falling tear, and feels for you a love and
sympathy that no finite mind can meSR
How sweet the thought that
reigns ? The nations are perplexed and
troubled, the foundations of the earth are
out of course, the wisdom of the wise
seems to be of no avail, anil the strong man
is as a child : still we can look upon the
troubled scene without fear, for God
reigns. Amind all the confusion and up
roar his councel shall stand, and he shall
do all his pleasure. Not only is he the
Governor of the nations, but he governs
and directs in all matters pertaining to our
individual interest. Not a hair of our head
falls to the ground without his notice, and
the resources of Omnipotence are pledged
to cause all things to work together for
our goodl ■ , .
How sweet the thought that death is going
home! lie who has been an exile in a
strange land, who has dwelt among peo
ple of a strange tongue ; rejoices at the
sight of the vessel which is to bear him to
his shores, where he shall enter again the
paternal mansion, and receive the wel
come of loved ones there. Death rightly
viewed, is the messenger who is to eon
-1 duct us to our home in heaven, where our
brethren, who have gone before ns arc
I waiting to welcome us—where Jesns, who
has gone to prepare a mansion for ns, is
waiting to receive ns. How sweet the
thought, in a few years more, perhaps in
a few clays, I shall he safe in heaven !
Surely, with thoughts like these, for
constant themes of meditation, the Chris
tian my dwell obey the command of the
apostle, “Rejoice evermore and again, I
The Philadelphia authorities, having
got an idea that the sidewalks are public
property, are exciting 1 universal indigna
tion on the part of the dealers who occupy
them for ware and sales rooms,' by com
pelling a removal of their merchandize.
Rf.xts ix New York. — Rents in New
\ ork, says the Herald, this year are ex
orbitantly high, notwithstanding' the pre
dictions wide!) were made during t' e last
year that they would be reduced at least
twenty per cent. Houses that were let
last May for S4OO, cannot now be had for
less than $450 and SSOO ; but the rents of
stores remain about the same. A rise of
one-fifth in rent in a single year is certain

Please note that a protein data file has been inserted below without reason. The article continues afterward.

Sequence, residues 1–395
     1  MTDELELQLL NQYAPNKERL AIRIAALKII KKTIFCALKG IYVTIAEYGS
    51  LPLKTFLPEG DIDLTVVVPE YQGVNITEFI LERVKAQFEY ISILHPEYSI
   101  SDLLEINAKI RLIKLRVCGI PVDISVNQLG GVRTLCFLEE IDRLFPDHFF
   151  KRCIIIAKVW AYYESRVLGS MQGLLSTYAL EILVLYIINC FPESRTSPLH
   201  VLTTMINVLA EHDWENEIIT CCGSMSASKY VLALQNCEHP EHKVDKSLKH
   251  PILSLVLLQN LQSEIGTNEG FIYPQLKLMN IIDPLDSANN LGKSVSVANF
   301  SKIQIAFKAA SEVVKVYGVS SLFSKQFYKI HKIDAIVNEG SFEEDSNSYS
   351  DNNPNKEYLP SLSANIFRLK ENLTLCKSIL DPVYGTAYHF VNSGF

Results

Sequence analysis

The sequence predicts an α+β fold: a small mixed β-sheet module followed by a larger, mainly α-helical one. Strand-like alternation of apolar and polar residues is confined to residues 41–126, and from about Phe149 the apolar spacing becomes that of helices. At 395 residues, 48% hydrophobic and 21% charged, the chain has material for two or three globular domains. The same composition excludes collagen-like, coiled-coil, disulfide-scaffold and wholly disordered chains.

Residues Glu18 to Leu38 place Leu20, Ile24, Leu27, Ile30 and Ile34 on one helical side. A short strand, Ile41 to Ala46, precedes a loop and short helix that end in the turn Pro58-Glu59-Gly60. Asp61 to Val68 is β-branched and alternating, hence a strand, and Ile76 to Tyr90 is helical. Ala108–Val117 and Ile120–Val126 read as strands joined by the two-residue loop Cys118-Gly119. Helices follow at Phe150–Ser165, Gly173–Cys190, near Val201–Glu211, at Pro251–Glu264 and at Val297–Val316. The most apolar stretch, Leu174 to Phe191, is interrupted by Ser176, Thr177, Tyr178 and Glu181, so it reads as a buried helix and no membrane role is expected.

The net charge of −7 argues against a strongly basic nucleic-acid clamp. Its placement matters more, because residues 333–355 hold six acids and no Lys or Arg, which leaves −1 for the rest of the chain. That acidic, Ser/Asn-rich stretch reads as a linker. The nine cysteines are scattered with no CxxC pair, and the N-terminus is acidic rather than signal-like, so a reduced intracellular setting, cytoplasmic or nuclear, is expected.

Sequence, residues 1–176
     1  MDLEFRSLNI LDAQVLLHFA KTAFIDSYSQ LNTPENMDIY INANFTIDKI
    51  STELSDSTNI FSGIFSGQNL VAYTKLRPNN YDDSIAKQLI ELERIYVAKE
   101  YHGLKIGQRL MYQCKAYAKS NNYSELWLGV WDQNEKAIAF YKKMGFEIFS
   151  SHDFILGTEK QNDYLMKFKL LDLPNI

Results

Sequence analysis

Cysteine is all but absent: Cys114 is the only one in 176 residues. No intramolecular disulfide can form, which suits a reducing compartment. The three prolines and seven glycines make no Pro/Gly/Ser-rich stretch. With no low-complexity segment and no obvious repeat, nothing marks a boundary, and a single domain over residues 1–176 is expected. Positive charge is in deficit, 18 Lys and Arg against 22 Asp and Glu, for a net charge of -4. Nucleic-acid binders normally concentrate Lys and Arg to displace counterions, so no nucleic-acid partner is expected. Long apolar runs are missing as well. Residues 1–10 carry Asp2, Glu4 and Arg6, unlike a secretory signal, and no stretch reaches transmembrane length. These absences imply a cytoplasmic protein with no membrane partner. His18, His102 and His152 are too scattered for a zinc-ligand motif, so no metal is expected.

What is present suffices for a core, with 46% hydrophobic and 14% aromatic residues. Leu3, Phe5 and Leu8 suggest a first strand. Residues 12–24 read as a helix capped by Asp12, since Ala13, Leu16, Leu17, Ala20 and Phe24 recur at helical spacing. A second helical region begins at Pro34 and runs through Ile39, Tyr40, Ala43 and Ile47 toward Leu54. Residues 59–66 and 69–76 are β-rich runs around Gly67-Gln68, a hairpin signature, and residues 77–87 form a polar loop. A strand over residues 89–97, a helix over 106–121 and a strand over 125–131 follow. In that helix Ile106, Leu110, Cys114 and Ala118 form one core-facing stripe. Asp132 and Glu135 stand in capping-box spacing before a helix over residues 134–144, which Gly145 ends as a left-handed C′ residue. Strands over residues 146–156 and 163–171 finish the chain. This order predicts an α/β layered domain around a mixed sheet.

ly startling. The Tribune tells us that
SI,OOO is now thought qufie a moderate
rent for a respectable house ; nor within
reach of city railroads, omnibuses, or even
of the ferries, is a decent, dwelling, in a
wholesome or a cleanly .neighborhood, to
he obtained for less than one-half that
Why should the American party feel
sure of success ? Because they have filled
many offices and are now hound to Fill
One of the clergymen in Brooklyn has
forbidden the members of his congrega
tion to sing the popular song “Pop Goes
the Weasel,” because one verse cuds thus:
“The preacher kissed the cobbler’s wife,
Pop Goes the Weasel!”
How to Cure Corns — Never let any
thing harder than your finger nail ever
touch a corn, paring it certainly makes it
take deeper root, as eutt ng a weed off at
the surface. The worst kind of coins are
eontrolable, as follows;
Soak the feet in quite warm water for
half an hour before going to bed, then
rul) ou the corn with your linger for sever
al minutes, some common sweet oil.
I)o this every night; and every morning
repeat this rubbing in of oil with the fin
ger, hind on the toe during the day two <
or three thicknesses of buckskin, with a*
hole in the centre to receive the corn ; ijflf
ordinary cases if the corn docs not fall otflH
you can pinch it out with the finger liaJigE
and weeks and sometimes months w 11 p:>s®!g
away, before you will he reminded of
then repeat the process. Corns, like cQ|
sumption, arc never cured, but may "W*
definitely postpon d.—The oil and soak
ing, softens and lossens the corn, while
the buckskin protects it from pressure
which makes it perhaps to be pushed out,
by the under growth of the parts —llaWs
I t is said that bleeding a partially blind
horse at the nose will restore him to sight;
so much for the horse. To open a man’s
eyes; you must bleed him in the pock
Memhiiis and Little Rock Railroad.
We leaiu from the Memphis Bulletin, that
track-laying on this road commenced on
the lltli inst. The Bulletin says, “there is
iron sufficient on hand to lay down four
miles of the road. Another cargo of iron
is expected soon, and the good work will’
go on as fast as possible. This is the first
link in the great Pacific road, which, 1 re
fore many years, will place Memphis in di-sg
rect communication with the shores of
itbrnia and Oregon.” rg